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Learn the history of sports betting at Las Vegas' Mob Museum

The Black Sox Scandal of 1919 as well as the World Cup betting scheme of 2014 are on the agenda

Get the low down on all things involved with the history of sports betting at an presentation at the Mob Museum, the downtown Las Vegas shrine to all things involved with organized crime and law enforcement.

The museum on Jan. 21 wil host a Courtroom Conversation called "Beating the Line: The Inside Story on Sports Betting in America." 

Sports betting has been legal in Las Vegas since 1931. The panel of experts for this talk will describe colorful moments from the history of sports gambling.

Panel members are:

--former Gaming Control Board official Pete Bernhard,
--legal sports gambling expert Barry Lieberman,
--Station Casinos sports book director Art Manteris, and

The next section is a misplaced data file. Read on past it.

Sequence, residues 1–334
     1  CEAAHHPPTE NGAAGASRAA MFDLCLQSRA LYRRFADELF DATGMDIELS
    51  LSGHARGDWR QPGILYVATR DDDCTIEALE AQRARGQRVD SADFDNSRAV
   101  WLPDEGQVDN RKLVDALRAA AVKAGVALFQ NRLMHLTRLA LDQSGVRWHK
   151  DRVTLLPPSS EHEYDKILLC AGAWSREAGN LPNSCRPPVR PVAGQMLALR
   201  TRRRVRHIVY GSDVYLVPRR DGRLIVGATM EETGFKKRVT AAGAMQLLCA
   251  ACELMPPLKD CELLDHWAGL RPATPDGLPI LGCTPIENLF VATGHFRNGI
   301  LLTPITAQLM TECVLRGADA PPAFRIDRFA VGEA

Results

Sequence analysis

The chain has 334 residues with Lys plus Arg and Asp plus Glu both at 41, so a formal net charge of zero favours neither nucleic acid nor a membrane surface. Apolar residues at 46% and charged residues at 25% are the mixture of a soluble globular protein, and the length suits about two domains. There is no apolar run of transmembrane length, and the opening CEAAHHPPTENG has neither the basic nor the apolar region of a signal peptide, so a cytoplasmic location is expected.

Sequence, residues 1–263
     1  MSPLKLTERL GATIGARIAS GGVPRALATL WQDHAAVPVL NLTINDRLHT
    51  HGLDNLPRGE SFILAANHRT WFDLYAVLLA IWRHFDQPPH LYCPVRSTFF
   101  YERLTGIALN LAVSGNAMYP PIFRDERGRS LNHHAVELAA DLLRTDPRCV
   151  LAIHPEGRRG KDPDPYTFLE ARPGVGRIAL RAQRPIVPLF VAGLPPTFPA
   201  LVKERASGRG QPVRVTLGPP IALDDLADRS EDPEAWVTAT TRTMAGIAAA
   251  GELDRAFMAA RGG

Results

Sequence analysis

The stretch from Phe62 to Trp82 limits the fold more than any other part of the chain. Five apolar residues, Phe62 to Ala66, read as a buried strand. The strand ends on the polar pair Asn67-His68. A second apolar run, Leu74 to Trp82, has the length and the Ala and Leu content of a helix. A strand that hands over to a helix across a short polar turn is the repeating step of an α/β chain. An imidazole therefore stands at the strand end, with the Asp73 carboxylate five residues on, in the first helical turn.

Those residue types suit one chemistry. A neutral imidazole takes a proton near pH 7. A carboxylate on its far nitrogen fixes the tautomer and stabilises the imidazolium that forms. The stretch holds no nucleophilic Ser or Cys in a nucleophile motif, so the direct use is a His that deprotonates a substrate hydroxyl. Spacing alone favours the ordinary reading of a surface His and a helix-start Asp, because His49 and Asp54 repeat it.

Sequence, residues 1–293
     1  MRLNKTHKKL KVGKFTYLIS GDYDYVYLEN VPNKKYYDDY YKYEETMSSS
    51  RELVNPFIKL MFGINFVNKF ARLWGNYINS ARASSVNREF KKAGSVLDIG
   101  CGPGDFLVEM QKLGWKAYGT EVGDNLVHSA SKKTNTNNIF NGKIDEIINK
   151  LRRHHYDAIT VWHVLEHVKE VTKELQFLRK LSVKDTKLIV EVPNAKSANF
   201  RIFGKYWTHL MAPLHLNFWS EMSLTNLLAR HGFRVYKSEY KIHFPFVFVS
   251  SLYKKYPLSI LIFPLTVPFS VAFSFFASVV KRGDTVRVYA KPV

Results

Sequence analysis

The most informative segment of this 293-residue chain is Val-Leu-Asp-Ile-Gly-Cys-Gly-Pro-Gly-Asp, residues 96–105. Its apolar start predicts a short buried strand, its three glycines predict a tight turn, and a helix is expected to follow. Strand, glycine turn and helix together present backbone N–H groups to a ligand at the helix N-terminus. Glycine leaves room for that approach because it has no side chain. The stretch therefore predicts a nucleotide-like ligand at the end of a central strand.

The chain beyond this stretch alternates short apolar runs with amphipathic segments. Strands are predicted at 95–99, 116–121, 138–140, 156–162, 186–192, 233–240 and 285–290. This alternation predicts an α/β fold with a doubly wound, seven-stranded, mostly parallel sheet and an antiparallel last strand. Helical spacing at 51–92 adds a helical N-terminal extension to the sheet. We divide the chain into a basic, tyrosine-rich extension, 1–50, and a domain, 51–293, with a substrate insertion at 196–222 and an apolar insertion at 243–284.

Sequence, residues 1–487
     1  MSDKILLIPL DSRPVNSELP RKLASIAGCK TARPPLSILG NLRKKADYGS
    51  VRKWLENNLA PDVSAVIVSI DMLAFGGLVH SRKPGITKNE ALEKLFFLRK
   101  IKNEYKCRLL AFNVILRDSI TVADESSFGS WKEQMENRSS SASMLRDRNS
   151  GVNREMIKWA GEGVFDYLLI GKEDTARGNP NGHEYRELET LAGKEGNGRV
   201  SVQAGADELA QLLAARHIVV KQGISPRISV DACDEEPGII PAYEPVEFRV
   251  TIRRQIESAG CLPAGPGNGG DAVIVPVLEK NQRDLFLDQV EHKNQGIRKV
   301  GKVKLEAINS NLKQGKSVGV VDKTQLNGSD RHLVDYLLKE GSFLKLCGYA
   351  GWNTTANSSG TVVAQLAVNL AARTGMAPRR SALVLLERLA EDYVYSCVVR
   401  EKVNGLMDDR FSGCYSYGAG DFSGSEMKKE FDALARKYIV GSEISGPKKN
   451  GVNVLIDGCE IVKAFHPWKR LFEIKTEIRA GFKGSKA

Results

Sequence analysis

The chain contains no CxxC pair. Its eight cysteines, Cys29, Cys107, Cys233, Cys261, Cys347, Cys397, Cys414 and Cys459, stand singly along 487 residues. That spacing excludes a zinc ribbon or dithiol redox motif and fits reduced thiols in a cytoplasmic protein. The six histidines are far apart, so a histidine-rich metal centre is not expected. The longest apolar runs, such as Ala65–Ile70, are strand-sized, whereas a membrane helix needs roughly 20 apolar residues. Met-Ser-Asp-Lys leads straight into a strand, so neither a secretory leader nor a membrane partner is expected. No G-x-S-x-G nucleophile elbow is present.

--professional sports bettor and media commentator Ted Sevransky.

The panel will talk about the Black Sox Scandal of 1919 as well as the World Cup betting scheme of 2014. On top of that, members will look at how organized crime has a history of controlling illegal bookmaking and fixing boxing matches across the country.

It's estimated that illegal wagering is a $400 billion underground business.

In recent decades, Nevada's race and sports book industry has worked to maintain the integrity of sports by sniffing out attempts to influence games. In 1998, it alerted authorities to the Arizona State point-shaving scandal.

Sports betting is legal in four states - Nevada, Oregon, Delaware and Montana - but takes place in only one,  Nevada.

Tickets for the event cost $25.

Info: Mob Museum, at (702) 229-2734

 

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